He added that Bangladesh is already in a serious crisis due to the Covid-19 pandemic, and allowing imported frozen seafood to enter the market without any testing for heavy metals poses another grave threat to public health.
Not enough labs for testing
Authorities found toxic substances in 12 of the 22 containers of marine fish imported from the Middle East by local companies in 2014. Despite the presence of toxicity, importers proceeded to unload the containers at Chattogram Port and sell them.
Following the incident, the Ministry of Fisheries and Livestock ordered the authorities concerned to carry out quality testing on imported fish before unloading them at the port. Then the BFSA made it mandatory to test all imported fish for heavy metals on 1 January, 2018.
The Dhaka Science Laboratory, Bangladesh Council of Scientific and Industrial Research (BCSIR) and Fish Inspection and Quality Control Lab began testing the imported frozen seafood for heavy metal compounds.
However, the number of labs conducting the tests was too few to handle the import volume of frozen seafood, and it led to container congestion at the port, drawing protests from businesspeople.
Due to the congestion, the testing process was suspended at the beginning of 2019, said Dr Sahadev Chandra Saha, director of the BFSA.
Sources from the Chattogram Customs House said the Chattogram Fish Inspection and Quality Control office (FIQC) on 5 February, 2018 found high levels of lead and cadmium in two frozen shipments of the Ni Hao Food Company Ltd, and one of the Neyamat Shah Enterprise Ltd.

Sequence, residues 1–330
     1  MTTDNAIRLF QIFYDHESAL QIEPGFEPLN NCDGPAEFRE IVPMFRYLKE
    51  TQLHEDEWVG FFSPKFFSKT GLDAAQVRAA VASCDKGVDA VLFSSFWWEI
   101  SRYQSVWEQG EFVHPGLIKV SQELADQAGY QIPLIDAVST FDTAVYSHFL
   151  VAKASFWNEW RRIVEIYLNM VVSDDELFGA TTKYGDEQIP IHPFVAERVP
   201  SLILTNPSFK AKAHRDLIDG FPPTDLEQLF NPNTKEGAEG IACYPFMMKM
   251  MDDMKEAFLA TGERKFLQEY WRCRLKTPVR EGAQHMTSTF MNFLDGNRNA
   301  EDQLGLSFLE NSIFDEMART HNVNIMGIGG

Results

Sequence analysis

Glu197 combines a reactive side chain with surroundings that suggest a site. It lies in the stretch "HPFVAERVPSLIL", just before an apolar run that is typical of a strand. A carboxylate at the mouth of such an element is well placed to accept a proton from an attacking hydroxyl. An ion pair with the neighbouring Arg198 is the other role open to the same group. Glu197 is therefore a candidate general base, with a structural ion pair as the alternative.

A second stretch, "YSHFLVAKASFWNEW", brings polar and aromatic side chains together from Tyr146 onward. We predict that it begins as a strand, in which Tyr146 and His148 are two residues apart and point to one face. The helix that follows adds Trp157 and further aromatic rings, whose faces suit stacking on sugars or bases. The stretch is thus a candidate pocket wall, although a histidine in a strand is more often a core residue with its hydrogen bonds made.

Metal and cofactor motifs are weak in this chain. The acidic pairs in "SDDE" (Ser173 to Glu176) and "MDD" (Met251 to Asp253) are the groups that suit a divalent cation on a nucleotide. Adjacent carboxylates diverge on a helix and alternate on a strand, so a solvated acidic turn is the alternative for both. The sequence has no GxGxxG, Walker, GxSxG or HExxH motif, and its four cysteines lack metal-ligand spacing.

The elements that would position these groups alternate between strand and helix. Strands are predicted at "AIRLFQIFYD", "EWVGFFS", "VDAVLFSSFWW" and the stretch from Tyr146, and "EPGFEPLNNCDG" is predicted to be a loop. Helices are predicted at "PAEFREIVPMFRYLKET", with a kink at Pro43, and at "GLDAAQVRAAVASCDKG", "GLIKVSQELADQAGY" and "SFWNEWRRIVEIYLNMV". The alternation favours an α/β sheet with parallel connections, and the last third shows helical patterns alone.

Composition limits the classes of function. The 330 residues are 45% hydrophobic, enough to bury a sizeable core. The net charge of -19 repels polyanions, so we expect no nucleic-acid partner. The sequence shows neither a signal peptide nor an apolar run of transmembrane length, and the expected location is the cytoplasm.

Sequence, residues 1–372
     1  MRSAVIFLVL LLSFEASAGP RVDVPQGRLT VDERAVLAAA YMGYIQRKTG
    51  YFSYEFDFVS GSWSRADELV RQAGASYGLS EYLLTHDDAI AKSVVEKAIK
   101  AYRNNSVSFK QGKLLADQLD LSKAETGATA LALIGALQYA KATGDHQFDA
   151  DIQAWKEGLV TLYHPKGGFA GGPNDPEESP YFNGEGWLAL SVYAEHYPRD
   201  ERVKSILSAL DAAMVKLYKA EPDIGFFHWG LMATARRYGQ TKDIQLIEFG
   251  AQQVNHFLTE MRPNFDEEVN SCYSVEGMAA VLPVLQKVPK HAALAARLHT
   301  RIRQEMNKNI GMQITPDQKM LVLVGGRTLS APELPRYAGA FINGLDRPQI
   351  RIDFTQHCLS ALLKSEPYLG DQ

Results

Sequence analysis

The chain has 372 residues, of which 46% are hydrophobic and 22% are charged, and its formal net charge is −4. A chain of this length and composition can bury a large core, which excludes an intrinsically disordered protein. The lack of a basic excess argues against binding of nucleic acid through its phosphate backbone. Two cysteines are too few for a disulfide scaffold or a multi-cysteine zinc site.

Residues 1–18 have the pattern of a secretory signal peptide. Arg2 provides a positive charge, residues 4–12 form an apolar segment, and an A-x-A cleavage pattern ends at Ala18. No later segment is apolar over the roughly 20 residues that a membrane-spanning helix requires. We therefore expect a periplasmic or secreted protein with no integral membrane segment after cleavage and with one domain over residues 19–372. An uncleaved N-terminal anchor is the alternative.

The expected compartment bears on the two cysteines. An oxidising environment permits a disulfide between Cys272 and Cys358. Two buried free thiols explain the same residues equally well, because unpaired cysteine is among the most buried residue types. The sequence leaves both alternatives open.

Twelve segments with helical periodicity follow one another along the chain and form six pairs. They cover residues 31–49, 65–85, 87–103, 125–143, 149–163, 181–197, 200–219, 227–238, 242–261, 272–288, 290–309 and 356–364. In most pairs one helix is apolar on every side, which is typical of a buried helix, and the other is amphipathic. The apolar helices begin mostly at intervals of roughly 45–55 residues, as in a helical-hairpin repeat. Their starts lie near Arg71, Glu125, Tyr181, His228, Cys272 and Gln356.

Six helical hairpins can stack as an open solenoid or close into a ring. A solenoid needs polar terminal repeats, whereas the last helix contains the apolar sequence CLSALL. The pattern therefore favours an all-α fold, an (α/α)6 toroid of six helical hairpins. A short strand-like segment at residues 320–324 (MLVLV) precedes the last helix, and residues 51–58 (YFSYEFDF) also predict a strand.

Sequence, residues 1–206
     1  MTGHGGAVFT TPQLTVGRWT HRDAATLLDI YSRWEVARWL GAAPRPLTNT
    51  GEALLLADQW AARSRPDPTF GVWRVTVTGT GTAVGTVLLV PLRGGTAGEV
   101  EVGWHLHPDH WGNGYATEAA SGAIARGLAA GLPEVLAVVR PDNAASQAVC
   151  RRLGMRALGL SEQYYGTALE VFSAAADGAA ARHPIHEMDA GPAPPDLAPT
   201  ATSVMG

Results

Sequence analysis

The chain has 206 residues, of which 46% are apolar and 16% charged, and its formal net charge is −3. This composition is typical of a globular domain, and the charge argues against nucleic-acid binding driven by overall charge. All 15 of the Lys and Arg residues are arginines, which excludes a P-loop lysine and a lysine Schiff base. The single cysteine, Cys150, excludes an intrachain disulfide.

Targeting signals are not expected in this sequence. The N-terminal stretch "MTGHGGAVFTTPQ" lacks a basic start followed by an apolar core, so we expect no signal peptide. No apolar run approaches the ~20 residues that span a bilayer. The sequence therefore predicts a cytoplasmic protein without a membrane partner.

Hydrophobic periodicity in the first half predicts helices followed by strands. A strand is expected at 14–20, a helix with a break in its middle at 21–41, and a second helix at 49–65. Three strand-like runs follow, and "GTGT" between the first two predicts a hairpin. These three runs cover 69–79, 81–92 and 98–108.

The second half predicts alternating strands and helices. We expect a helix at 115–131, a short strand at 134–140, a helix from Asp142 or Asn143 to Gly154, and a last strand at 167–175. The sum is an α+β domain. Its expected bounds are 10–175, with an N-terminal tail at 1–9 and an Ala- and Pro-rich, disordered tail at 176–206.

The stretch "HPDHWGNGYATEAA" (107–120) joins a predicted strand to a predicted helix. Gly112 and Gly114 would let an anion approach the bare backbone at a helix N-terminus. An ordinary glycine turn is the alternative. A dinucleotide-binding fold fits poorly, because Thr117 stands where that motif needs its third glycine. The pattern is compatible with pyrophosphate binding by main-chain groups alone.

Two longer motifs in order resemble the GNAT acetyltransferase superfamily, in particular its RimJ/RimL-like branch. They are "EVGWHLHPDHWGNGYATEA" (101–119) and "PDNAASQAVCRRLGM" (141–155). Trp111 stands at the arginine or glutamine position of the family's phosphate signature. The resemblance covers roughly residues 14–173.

Even at the beginning of 2020, authorities had found toxic substances in at least 20-25 shipments of imported frozen marine fish, FIQC sources told The Business Standard.
Responding to a query, owner of the marine fish importer JS Trading Company Joynal Abedin said, "Our shipments used to get stuck at the port for an extended period of time because of the testing procedure for heavy metals on the imported marine fish."
"The authorities did not manage to deliver the test reports on time due to a shortage of testing facilities. So, the process was shut down in the beginning of 2019. We unload shipments by submitting test reports provided by the exporting companies of various countries," he added.
The Chattogram FIQC office sources said Bangladesh imports marine fish – from Yemen, Paraguay, Oman, Kuwait, Qatar, China, Pakistan, Myanmar, and India – through Chattogram Port and Teknaf Land Port, said FIQC Chattogram office's Quality Control Officer Mizanur Rahman.
The price of imported seafood is almost half that of locally produced saltwater fish, and the imported marine fish are primarily sold to poverty-stricken areas in northern Bangladesh, sources said.
According to the Chattogram FIQC office, Bangladesh imported 26,867.63 tonnes of marine fish through Chattogram Port and Teknaf Land Port between July and November of the 2020-2021 Fiscal year, at a cost of $11,482,746.
Moreover, Bangladesh imports 90% of its marine fish through Chattogram Port and 10% through Teknaf Land Port.